A smarter sliceThe next time you make a sandwich, swap your whole-wheat for rye or pumpernickel. According to a Swedish study, people who ate a slice of rye felt fuller longer. “Rye is higher in fiber, which may mean it’s digested more slowly,” says lead researcher Hanna Isaksson, Ph.D. “That can help fend off hunger.” Because many brands are made mostly with refined flour, look for loaves that list rye as the first ingredient and pack in at least 5 grams of fiber per slice.
WrapsThese tortillas became the rage during the low-carb craze because they’re less doughy than bread, but that doesn’t mean they’re good for you. “Some warps are so enormous, they can pack up to 500 calories—and that’s before you add the filling,” says Christopher Mohr, Ph.D., R.D., a dietitian in Louisville, Kentucky. Mohr recommends buying a whole-wheat or sprouted-grain variety that contains fewer than 200 calories and at least 5 grams of fiber apiece. To keep calories in check at the fell, look for warps that are less than 8 inches wide.
Secrets of the slimmest countriesWhile jetting around the globe with celebrities like Katy Perry, Halle Barry, and Lady GaGa, trainer Harley Pasternak has gotten to sample cuisine from Japan, Spain, and other countries where obesity rates are low and life expectancy is high. “I began picking up on dietary habits that helped these cultures stay slim and healthy—and incorporating them into my own life,” he says. He shared a few of these strategies, which he describes in detail in his new book, 5-Factor World Diet.
JAPANStop before you’re stuffed
“Many people here follow a principle called bara bacbi bunme, or eating until 80 percent full,” says Pasternak. They also wait 20 minutes before heading back for seconds to avoid overeating.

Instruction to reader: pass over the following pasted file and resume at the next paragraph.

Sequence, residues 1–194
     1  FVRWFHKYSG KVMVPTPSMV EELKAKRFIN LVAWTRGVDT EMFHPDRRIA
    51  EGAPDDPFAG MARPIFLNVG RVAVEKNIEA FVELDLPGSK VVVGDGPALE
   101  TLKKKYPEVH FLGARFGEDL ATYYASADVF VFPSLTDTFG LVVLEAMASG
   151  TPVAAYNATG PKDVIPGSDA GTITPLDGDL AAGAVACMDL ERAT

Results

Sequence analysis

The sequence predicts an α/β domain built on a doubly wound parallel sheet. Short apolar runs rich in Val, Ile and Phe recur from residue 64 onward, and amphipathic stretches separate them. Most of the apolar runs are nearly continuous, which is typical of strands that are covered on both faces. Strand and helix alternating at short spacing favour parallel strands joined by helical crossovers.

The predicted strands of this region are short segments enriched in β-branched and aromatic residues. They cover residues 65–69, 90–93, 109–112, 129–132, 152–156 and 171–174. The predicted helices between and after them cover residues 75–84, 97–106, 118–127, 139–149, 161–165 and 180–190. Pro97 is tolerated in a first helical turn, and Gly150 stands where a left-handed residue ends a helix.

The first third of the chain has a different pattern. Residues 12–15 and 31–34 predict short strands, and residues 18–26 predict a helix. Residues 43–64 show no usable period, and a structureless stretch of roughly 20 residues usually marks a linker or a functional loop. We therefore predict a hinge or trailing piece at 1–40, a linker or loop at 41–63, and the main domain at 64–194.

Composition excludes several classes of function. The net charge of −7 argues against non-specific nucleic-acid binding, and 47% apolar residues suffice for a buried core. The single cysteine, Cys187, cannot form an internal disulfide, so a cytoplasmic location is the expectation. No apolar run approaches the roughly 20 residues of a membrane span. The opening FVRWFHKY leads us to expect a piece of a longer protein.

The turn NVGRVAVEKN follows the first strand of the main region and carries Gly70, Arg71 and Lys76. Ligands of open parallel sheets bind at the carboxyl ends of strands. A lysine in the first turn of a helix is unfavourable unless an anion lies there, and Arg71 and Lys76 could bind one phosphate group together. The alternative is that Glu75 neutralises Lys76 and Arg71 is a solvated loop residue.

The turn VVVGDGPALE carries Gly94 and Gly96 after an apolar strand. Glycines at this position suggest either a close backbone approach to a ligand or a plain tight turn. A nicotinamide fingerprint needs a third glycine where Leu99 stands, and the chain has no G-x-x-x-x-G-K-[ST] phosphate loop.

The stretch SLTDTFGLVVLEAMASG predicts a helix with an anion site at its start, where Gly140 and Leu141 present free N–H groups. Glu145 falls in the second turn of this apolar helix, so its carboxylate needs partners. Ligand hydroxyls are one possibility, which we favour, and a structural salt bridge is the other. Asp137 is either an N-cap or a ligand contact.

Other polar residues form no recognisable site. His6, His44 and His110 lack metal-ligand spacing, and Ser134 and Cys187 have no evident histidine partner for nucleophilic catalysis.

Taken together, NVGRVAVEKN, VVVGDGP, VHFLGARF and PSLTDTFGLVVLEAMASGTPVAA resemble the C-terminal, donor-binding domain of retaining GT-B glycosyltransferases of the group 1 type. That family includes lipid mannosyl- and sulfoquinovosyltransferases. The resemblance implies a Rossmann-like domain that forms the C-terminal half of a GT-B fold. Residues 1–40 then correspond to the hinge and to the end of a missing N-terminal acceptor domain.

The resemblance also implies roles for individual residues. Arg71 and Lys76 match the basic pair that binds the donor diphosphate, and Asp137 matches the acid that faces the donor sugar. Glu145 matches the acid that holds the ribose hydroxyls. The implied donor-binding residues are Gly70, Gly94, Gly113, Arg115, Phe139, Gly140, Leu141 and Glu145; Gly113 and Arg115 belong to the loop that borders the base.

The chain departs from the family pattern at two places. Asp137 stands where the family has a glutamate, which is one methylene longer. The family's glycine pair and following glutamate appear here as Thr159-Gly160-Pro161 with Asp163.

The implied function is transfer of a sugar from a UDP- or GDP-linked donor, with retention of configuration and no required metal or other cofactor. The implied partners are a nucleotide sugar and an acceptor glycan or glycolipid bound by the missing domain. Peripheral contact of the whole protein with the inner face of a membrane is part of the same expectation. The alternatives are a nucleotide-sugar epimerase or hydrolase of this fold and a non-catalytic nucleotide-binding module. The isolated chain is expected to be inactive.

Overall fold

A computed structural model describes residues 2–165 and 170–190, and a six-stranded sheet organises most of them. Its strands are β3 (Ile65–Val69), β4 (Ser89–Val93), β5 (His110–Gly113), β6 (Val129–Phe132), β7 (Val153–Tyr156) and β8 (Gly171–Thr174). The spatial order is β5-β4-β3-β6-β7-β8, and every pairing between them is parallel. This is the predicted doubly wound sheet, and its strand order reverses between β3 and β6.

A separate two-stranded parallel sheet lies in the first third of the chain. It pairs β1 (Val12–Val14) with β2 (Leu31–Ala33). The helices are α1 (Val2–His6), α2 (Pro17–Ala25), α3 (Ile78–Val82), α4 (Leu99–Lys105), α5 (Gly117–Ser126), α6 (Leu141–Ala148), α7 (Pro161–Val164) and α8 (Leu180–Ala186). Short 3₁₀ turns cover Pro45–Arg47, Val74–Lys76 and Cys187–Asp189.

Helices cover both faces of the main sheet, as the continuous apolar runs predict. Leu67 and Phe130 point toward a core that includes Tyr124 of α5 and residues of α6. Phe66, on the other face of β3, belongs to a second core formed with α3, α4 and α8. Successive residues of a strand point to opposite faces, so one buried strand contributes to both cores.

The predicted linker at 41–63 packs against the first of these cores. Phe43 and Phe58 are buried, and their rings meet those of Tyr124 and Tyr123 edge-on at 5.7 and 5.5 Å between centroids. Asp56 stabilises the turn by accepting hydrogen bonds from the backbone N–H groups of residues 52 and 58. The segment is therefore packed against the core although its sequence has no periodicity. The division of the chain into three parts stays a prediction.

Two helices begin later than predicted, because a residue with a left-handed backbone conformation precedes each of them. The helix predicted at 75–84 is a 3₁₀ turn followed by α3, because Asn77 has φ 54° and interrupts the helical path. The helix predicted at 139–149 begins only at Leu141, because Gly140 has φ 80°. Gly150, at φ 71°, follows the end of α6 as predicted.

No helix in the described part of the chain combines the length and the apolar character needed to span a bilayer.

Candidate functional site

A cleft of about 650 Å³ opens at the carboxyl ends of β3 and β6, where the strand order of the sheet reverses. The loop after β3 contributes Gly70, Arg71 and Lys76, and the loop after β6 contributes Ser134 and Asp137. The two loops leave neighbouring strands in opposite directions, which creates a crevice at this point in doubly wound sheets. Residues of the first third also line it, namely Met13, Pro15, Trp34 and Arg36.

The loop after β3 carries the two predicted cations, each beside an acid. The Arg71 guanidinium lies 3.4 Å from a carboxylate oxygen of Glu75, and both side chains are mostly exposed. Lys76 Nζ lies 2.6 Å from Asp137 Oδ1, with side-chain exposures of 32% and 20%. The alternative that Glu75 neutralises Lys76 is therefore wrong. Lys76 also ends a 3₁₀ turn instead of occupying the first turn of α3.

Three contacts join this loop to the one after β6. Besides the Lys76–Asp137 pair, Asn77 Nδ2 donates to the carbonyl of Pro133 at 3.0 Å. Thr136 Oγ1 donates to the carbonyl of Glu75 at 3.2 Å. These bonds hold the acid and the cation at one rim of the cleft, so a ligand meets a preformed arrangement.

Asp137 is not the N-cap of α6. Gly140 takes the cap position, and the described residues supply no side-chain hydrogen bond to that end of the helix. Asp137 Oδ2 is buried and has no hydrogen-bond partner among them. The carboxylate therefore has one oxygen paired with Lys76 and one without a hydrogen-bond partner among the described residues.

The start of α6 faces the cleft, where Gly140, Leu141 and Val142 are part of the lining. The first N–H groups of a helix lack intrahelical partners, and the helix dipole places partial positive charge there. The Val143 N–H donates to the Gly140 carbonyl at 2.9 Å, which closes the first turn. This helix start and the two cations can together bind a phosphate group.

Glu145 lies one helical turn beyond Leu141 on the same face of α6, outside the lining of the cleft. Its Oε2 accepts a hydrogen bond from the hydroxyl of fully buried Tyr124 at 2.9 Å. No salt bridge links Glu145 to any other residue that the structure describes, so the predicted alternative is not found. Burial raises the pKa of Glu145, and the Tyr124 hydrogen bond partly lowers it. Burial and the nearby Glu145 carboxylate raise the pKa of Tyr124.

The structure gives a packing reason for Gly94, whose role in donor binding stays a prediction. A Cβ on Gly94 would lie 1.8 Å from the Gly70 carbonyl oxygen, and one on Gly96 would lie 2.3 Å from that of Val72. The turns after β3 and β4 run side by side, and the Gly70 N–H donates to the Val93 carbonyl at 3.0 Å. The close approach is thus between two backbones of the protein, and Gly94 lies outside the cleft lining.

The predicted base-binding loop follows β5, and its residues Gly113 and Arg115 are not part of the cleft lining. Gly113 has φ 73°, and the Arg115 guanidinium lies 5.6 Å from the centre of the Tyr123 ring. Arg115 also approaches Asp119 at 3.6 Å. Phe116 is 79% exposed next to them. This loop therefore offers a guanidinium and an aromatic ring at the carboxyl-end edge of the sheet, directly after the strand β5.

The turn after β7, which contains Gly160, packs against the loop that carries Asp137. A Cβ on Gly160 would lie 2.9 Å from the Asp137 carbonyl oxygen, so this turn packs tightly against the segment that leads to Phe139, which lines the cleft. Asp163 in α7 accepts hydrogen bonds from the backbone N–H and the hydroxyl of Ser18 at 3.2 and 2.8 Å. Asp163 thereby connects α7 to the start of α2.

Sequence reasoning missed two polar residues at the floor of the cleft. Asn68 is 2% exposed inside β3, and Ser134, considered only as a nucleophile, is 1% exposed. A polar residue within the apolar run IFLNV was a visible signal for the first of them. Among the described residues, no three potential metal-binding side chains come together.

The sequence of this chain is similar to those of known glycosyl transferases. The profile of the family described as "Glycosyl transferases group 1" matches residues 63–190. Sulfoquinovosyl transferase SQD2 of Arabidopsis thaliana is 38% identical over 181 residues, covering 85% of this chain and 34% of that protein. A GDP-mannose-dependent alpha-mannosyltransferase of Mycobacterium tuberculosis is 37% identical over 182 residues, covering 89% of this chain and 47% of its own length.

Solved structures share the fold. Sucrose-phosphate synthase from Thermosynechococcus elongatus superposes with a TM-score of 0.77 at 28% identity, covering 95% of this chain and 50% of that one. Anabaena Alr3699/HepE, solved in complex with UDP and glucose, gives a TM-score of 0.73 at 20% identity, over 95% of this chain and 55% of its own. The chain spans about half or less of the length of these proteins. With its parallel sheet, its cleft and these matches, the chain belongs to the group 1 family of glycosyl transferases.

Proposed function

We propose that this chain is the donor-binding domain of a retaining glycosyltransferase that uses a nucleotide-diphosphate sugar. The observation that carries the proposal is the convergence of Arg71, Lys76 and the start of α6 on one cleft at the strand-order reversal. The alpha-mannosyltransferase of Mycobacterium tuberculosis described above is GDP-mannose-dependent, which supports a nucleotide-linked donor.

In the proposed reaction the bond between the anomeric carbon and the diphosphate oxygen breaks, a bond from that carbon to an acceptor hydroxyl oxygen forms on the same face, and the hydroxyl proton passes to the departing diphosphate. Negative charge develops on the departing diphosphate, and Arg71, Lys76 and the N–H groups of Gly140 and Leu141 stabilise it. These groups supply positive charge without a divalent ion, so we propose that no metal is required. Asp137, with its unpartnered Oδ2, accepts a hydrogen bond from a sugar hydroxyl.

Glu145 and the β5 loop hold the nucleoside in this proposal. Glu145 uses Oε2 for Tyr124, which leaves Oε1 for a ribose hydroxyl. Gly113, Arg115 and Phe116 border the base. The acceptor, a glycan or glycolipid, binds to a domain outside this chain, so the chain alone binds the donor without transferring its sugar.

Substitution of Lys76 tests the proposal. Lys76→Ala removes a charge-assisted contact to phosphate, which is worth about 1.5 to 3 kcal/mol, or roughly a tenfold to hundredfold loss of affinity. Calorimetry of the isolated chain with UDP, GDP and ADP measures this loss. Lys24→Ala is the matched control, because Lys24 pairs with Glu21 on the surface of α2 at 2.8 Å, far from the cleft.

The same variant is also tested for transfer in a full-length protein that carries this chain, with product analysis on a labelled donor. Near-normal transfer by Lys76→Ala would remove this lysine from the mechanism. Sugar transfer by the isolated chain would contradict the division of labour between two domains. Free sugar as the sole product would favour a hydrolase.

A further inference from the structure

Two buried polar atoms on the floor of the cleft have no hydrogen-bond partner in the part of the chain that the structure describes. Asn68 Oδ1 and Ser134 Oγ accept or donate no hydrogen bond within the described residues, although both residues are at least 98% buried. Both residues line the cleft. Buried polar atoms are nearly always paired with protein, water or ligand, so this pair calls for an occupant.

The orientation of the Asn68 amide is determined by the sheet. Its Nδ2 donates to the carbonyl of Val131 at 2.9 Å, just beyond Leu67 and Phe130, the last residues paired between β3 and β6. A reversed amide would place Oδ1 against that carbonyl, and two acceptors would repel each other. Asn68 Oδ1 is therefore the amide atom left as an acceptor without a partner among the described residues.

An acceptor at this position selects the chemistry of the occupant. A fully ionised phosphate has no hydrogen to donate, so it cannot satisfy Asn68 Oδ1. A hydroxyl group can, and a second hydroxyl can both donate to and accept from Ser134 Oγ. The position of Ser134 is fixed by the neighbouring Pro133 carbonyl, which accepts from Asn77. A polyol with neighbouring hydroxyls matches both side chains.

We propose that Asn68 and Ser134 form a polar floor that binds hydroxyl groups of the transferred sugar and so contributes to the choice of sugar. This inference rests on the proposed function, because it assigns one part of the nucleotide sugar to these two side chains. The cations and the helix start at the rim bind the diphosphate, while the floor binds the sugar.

SPAINShare your meals Many meals are centered around tapas, small dishes that are divided among the table. “You get a taste of everything without overdoing it,” says Pasternak.
CHINAFill up on fiber Research shows that the Chinese consume about three times as much as Americans, mainly because their meals revolve around fiber-rich vegetables, fruits, and beans. Meat is typically used as a garnish to flavor a dish; it makes up only 2 percent of their diet.
- Score a healthier snack Del Monte is making it easy with a line of vending machines stocked only with fresh-cut fruits, vegetables, and yogurt dip. Find them in office buildings and health clubs.
- Downsize your soda Now you can pick up a smaller, 90-calorie can of any Coca-Coca soda, including Sprite, Fanta, and Barq’s Root Beer. The company is also moving its calorie information to the front of its packaging to increase awareness.
- Eat more fruit No time to go to the farmers’ market? The Fruit Guys will deliver a box of in-season fruit to your office or home. You can also order an all-organic selection.